Ornithology enthusiast Rhonda Corcoran captured this photo of a rare Magpie in Yass and thought it might be of interest to other local bird enthusiasts and our readers.
“I was lucky enough to photograph a very different looking magpie in Yass recently.”
“I had sighted it a couple of months ago when I didn’t have my camera with me, but I had been unsuccessful in my quest to find it again.”
Thanks to her own flock of friends who alerted Rhonda this week, she was able to quickly high tail off with her camera to the street where it had been sighted.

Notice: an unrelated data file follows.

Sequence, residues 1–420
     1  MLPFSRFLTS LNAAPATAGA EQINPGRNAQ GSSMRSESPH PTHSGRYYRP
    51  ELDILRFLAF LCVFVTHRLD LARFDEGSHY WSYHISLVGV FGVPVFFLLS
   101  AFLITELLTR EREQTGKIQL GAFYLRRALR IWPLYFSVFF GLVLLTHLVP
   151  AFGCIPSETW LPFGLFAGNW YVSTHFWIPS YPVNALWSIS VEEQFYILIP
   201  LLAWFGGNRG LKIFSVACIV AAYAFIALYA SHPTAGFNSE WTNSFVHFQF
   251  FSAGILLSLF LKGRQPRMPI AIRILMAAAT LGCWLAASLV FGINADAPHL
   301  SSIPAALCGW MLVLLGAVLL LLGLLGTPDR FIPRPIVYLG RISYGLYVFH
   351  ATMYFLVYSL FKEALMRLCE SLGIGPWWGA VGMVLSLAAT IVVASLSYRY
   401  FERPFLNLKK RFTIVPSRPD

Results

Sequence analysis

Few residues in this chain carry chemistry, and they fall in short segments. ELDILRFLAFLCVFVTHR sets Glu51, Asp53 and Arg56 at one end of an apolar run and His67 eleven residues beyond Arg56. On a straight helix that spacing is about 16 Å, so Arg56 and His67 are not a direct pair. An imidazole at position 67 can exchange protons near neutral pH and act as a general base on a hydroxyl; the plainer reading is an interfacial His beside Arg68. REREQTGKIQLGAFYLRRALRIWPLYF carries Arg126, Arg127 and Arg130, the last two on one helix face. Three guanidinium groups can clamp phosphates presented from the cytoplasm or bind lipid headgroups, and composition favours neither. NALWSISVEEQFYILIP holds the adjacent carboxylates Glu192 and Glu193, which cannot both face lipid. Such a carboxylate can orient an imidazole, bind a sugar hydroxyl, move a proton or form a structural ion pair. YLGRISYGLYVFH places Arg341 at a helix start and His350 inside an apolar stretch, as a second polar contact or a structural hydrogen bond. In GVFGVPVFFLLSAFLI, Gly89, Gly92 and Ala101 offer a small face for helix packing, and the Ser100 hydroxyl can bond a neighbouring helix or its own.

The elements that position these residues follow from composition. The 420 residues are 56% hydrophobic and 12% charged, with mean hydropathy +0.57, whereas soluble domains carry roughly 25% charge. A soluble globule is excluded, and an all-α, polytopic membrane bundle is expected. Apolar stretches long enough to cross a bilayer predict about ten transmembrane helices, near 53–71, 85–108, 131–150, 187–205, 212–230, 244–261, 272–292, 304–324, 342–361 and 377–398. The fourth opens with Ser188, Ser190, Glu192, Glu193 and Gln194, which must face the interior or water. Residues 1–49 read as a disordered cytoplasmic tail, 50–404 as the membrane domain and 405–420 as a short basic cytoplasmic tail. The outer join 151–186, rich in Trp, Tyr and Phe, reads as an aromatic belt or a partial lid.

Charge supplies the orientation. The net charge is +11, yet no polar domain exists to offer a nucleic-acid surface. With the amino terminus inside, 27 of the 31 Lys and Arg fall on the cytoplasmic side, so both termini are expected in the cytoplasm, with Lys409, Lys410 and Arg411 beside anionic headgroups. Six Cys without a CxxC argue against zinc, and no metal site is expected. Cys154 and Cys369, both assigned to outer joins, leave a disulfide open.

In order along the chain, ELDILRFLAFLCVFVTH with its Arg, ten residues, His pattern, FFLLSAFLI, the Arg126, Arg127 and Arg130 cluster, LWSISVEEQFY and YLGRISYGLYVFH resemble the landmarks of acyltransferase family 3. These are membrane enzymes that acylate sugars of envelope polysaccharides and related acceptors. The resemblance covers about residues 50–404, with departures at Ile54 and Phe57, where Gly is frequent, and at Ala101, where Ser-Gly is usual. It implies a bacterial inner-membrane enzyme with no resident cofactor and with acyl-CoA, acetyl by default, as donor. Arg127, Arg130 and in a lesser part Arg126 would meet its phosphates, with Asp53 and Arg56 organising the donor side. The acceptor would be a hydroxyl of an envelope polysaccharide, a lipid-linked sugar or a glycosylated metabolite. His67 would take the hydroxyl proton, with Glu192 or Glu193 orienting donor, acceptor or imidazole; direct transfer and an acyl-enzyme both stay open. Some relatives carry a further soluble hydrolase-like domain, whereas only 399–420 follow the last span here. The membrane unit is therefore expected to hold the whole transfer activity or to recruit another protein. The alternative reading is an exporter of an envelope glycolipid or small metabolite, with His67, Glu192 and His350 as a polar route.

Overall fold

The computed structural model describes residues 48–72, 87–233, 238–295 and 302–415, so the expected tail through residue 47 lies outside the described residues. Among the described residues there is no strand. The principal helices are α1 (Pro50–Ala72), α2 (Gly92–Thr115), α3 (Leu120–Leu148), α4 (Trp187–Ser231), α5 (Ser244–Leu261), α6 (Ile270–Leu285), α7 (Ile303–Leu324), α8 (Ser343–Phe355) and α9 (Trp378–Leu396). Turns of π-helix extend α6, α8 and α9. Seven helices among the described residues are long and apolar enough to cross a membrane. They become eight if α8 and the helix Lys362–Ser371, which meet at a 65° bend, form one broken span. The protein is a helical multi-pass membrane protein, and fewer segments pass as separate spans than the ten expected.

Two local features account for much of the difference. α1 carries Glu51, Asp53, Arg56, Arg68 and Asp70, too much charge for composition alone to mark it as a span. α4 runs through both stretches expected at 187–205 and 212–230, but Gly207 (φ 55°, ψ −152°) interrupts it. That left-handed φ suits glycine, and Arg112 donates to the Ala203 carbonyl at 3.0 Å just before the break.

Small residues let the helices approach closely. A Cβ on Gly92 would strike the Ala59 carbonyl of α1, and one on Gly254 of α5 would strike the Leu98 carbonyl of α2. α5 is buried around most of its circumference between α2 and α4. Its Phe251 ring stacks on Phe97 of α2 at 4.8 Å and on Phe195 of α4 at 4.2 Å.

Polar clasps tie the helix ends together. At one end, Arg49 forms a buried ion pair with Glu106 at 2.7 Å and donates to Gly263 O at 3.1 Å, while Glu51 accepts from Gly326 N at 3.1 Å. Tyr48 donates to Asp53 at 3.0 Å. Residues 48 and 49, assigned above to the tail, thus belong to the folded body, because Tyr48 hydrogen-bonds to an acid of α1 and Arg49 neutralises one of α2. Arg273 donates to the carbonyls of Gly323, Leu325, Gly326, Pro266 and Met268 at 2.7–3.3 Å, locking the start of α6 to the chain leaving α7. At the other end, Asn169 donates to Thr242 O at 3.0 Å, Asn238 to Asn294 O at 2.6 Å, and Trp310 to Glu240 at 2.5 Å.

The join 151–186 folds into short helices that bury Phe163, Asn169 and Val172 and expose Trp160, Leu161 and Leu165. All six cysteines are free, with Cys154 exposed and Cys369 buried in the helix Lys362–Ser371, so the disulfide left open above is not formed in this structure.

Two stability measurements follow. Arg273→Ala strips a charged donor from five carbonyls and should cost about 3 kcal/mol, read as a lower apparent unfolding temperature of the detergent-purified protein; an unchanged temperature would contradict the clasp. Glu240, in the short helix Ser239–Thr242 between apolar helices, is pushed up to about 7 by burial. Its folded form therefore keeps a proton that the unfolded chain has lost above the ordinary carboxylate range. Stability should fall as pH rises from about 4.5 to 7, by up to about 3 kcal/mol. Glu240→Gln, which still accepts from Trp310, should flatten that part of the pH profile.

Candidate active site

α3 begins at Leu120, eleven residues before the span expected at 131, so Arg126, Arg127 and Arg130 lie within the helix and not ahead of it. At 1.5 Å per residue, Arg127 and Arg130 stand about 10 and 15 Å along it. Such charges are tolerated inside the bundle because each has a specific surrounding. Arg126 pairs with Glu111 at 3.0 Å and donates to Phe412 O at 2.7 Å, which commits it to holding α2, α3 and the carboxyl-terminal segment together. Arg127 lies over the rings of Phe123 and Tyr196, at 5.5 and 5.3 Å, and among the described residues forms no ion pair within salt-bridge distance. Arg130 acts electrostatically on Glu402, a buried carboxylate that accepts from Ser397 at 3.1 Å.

“Luckily for me, it was still there with its other magpie mates.”
Rhonda described the unusual white-dominant plumage as a genetic mutation.
“The magpie is perfectly healthy but has leucism. This is an abnormal plumage condition which prevents pigment, particularly melanin, from being properly deposited on the bird’s feathers.”
“Unlike albinism, a leucistic bird retains its natural eye, beak and leg colouring. They are quite rare.”
As white birds are more visible, the leucism mutation could make affected birds vulnerable to predators.
Some experts consider the magpie species bold nature combined with its strong family dynamics a possible factor in why the mutation survives in magpie flocks more than other species of birds.